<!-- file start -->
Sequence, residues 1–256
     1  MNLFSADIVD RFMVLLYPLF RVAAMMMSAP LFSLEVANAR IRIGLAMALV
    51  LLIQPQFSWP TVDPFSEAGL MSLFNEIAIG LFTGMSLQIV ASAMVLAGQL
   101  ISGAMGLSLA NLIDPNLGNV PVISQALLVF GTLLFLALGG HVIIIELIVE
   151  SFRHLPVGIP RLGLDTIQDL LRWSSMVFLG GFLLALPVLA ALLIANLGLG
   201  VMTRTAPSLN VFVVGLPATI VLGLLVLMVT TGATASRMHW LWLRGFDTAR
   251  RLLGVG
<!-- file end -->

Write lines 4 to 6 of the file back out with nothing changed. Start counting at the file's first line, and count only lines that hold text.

   101  ISGAMGLSLA NLIDPNLGNV PVISQALLVF GTLLFLALGG HVIIIELIVE
   151  SFRHLPVGIP RLGLDTIQDL LRWSSMVFLG GFLLALPVLA ALLIANLGLG
   201  VMTRTAPSLN VFVVGLPATI VLGLLVLMVT TGATASRMHW LWLRGFDTAR